“A white-haired elderly man, stick-thin with a large nose, crossed in front of us. The corners of his mouth drawn down. His lips dark red. He first looked up at the hills to my right, then to the row of shops across the road before lowering his gaze to the ground, presumably to be sure where the coming kerb was. All of this he did as though completely alone. As though he never took any account of other eyes. This was how Giotto painted people. They never seemed to be aware that they were being watched. Giotto was the only painter to depict the aura of vulnerability this gave them. It was probably something to do with the era because succeeding generations of Italian painters, the great generations, had always interwoven an awareness of watching eyes in their pictures. It made them less naïve, but they also revealed less.”
Karl Ove Knausgaard. “A Death in the Family. My Struggle: Book 1.” Vintage Books, London, 2014.
"Thus shall ye look on all this fleeting world:
A star at dawn, a bubble in the stream,
A flash of lightning in a summer cloud,
A flickering lamp, a phantom, and a dream."
Gautama the Buddha
Heart of Great Perfect Wisdom Sutra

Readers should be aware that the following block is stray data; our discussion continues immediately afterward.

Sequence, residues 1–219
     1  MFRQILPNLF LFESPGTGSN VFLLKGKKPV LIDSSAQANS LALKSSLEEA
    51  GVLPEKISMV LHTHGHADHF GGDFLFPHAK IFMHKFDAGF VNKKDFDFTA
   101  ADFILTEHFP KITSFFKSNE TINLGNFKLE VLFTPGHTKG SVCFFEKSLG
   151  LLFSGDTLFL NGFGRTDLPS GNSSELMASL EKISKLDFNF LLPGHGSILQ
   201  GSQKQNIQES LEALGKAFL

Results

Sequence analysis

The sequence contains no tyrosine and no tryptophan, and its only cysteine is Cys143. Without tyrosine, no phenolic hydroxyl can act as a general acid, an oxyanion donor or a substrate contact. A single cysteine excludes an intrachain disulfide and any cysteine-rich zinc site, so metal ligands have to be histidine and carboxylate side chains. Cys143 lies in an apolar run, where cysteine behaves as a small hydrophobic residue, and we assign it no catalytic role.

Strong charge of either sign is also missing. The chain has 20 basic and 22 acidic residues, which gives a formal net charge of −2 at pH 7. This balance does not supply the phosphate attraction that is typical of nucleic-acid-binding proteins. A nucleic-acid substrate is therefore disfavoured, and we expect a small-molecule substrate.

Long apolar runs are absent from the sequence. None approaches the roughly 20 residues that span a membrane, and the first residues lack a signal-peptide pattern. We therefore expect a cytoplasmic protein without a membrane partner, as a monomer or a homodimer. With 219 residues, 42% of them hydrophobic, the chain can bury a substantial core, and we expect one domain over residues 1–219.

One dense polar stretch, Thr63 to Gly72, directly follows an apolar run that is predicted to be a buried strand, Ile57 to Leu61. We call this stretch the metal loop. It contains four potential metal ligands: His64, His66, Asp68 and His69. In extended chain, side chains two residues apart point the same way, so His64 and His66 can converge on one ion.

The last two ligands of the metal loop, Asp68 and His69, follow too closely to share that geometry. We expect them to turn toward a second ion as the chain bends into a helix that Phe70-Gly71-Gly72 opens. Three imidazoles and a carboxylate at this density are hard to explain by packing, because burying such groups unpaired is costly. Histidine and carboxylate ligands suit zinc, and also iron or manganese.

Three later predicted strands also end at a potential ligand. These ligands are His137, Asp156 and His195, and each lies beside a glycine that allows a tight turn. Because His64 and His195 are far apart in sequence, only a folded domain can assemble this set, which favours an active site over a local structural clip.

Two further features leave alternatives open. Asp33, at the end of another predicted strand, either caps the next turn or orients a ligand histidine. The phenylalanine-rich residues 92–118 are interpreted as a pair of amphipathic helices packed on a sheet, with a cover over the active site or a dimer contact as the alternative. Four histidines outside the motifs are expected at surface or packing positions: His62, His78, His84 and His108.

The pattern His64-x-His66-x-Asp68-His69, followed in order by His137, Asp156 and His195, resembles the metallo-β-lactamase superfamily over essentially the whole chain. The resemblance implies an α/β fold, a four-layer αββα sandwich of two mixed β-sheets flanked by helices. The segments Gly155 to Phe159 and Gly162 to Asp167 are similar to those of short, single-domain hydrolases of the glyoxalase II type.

Avalokiteshvara Bodhisattva, when deeply practicing prajña paramita, clearly saw that all five aggregates are empty and thus relieved all suffering. Shariputra, form does not differ from emptiness, emptiness does not differ from form. Form itself is emptiness, emptiness itself form. Sensations, perceptions, formations, and consciousness are also like this. Shariputra, all dharmas are marked by emptiness; they neither arise nor cease, are neither defiled nor pure, neither increase nor decrease. Therefore, given emptiness, there is no form, no sensation, no perception, no formation, no consciousness; no eyes, no ears, no nose, no tongue, no body, no mind; no sight, no sound, no smell, no taste, no touch, no object of mind; no realm of sight ... no realm of mind consciousness. There is neither ignorance nor extinction of ignorance... neither old age and death, nor extinction of old age and death; no suffering, no cause, no cessation, no path; no knowledge and no attainment. With nothing to attain, a bodhisattva relies on prajña paramita, and thus the mind is without hindrance. Without hindrance, there is no fear. Far beyond all inverted views, one realizes nirvana. All buddhas of past, present, and future rely on prajña paramita and thereby attain unsurpassed, complete, perfect enlightenment. Therefore, know the prajña paramita as the great miraculous mantra, the great bright mantra, the supreme mantra, the incomparable mantra, which removes all suffering and is true, not false. Therefore we proclaim the prajña paramita mantra, the mantra that says: "Gate Gate Paragate Parasamgate Bodhi Svaha."